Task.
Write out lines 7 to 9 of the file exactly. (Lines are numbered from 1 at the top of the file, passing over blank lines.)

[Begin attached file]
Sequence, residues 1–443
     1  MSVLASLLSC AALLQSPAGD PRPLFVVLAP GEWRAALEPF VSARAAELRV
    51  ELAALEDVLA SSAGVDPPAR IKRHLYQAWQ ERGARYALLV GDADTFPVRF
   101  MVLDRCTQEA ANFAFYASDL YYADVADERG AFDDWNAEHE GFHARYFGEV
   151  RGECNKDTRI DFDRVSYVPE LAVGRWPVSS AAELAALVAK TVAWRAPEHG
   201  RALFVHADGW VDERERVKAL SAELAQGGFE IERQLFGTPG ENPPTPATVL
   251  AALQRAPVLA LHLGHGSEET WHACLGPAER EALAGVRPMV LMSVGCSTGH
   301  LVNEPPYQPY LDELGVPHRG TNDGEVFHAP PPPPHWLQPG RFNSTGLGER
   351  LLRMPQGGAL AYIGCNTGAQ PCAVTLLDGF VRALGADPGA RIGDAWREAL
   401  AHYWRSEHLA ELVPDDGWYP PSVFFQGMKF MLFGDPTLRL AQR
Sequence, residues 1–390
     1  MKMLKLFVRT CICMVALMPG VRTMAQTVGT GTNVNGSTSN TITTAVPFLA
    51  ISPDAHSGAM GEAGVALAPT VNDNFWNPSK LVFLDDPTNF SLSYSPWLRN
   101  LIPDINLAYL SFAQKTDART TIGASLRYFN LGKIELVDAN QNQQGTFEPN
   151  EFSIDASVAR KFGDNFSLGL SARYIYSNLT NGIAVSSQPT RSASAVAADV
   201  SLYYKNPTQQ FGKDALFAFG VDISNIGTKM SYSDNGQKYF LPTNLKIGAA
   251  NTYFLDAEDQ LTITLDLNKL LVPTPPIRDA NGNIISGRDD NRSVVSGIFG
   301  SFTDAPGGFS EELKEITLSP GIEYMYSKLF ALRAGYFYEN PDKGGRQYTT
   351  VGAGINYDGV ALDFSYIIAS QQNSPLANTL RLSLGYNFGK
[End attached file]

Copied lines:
   251  AALQRAPVLA LHLGHGSEET WHACLGPAER EALAGVRPMV LMSVGCSTGH
   301  LVNEPPYQPY LDELGVPHRG TNDGEVFHAP PPPPHWLQPG RFNSTGLGER
   351  LLRMPQGGAL AYIGCNTGAQ PCAVTLLDGF VRALGADPGA RIGDAWREAL